Aims: To estimate the current global economic cost of illness to healthcare providers and patient households and to explore the potential cost-benefit of implementing radical cure following a normal G6PD test result.
Methods: Estimates of the cost of vivax malaria treatment for healthcare providers and patient households were collated from a literature review and primary costing studies, and combined with case estimates generated by the Malaria Atlas Project. A cost-benefit analysis of implementing effective global radical cure compared the cost of G6PD screening and supervised radical cure with the cost savings from the prevention of relapses. It was assumed that when adhered to, the 14-day primaquine regimen was 85% effective and required 3.5 healthcare worker days to supervise daily therapy (valued at one gross domestic product per capita per day).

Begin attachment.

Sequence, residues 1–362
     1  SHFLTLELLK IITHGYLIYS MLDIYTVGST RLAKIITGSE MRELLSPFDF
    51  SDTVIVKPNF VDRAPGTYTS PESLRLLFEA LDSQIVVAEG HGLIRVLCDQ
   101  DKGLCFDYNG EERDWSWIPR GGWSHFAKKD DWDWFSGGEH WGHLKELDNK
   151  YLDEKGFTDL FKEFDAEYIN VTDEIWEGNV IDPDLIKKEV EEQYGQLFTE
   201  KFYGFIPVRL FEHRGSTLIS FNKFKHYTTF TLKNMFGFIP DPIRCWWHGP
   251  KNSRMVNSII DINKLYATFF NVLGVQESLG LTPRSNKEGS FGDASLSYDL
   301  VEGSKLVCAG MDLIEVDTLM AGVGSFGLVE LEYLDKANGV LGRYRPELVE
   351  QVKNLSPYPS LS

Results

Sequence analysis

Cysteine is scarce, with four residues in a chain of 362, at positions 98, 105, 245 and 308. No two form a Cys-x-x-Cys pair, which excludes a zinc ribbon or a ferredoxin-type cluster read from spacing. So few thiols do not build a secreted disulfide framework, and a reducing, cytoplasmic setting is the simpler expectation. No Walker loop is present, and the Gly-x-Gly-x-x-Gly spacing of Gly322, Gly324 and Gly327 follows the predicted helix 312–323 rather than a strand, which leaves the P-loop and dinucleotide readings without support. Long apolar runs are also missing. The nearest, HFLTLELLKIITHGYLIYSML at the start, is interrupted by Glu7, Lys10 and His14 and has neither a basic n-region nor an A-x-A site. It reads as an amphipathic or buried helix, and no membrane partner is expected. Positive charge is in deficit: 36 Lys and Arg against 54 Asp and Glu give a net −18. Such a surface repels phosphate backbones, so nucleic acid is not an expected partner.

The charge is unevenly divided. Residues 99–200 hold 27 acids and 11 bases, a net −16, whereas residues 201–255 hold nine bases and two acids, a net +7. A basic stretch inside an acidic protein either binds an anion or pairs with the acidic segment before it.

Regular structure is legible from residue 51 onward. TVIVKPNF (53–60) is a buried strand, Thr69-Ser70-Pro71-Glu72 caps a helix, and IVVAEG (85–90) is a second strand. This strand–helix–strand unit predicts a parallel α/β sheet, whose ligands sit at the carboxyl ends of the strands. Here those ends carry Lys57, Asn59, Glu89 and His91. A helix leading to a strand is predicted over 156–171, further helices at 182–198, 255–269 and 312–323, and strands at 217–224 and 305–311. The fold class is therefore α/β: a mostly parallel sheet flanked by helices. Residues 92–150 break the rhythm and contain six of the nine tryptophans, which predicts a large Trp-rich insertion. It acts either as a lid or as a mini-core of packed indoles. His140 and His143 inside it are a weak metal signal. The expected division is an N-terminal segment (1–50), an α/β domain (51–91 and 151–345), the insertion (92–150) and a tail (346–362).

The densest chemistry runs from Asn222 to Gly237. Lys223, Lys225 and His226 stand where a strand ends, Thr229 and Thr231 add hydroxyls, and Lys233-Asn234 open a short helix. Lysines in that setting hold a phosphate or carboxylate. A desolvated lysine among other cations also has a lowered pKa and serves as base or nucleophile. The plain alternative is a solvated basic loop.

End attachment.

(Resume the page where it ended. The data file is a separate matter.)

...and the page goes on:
Results: The estimate of the global cost of P. vivax was US$330 million (range US$205-459 million). Adopting a policy of screening for G6PD deficiency and delivery of highly effective radical cure was projected to save US$45 million per year from the societal perspective. Household costs decreased by US$124 million; however, provider costs increased by US$80 million attributable primarily to the inclusion of supervised primaquine therapy.
Conclusions: The global societal costs of vivax malaria are substantial, but can be reduced through the use of effective radical cure following screening for G6PD deficiency. Novel, less costly interventions for ensuring adherence to primaquine regimens for effective radical cure are needed to reduce healthcare provider costs and provide a pathway to malaria elimination.